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Time lost to disease in dairy cattle: associations between two consecutive lactations

dc.contributor.authorBacigalupo Sanguesa, Paola, author
dc.contributor.authorGarry, Franklyn B., advisor
dc.contributor.authorMcConnel, Craig S., advisor
dc.contributor.authorLombard, Jason E., committee member
dc.contributor.authorPinedo, Pablo, committee member
dc.description.abstractIn the dairy industry, individual diseases and their effects are normally studied independently. However, in many cases the diseases are all related. The diverse effects of these diseases provide the foundation for creating a measure that incorporates morbidity and removal (death or culling) measures and evaluates the impact diseases can have during lactation. This summary health measure is called the disease-adjusted lactation (DALact) and it represents time lost due to disease and injury. The DALact is a time-based summary measure that represents a new approach to assess the impact of diseases in a lactation. The objective of this study was to evaluate the association between time lost due to specific diseases and total time lost due to diseases in two consecutive lactations using the DALact. Health and removal (culling and death) data were obtained from a Colorado dairy with approximately 1,400 lactating cows. A total of 803 cows in their second or greater lactation that calved, were sold, or died from July 1, 2015, through June 30, 2016, were selected. Health data were collected from Dairy Comp 305 for each most recently completed lactation and from the previous lactation. Health events included calving injury, displaced abomasum, diarrhea, hypocalcemia, ketosis, lameness, mastitis, metritis, musculoskeletal injuries, pneumonia, and retained placenta. All cow-level data were imported into SAS® for validation, calculation of DALact and modeling. The DALact was calculated by adding the Days Lost due to Premature Death or Culling (DLRD) and the Days Lost due to Illness (DLI). DLRD was calculated as the difference between the average completed lactation days in milk for that herd and the days in milk at culling or death. The DLI was the product of the number of cases multiplied by previously established disability weights and estimated disease durations (days) for a specific disease. The PROC GLM procedure was used to model the association of DALacts between the 2 consecutive lactations. A p-value of ≤0.05 was considered significant. Positive significant associations (P<0.001) were found between the DALact of the previous lactation and the current lactation for lameness and mastitis. The total DALact of the previous lactation was significantly associated (P<0.001) with the total DALact of the current lactation. Significant associations (P<0.001) were also found between the mastitis and lameness DALact of the precious lactation with the total DALact of the current lactation. Identification of diseases and reasons for removal that significantly affect time lost during two consecutive lactations will help producers focus management and preventive measures on diseases having the greatest impact on future productivity and wellbeing.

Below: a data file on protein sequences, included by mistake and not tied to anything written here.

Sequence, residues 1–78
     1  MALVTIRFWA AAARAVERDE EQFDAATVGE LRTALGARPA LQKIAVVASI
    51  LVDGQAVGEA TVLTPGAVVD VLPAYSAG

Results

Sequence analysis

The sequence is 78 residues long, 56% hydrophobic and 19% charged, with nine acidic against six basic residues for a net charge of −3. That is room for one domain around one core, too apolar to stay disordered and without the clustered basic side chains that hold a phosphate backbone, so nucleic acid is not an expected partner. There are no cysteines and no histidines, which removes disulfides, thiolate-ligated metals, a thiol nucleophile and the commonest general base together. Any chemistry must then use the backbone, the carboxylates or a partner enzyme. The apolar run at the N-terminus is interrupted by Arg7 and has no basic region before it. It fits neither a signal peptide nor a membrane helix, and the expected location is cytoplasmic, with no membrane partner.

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dc.publisherColorado State University. Libraries
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dc.titleTime lost to disease in dairy cattle: associations between two consecutive lactations
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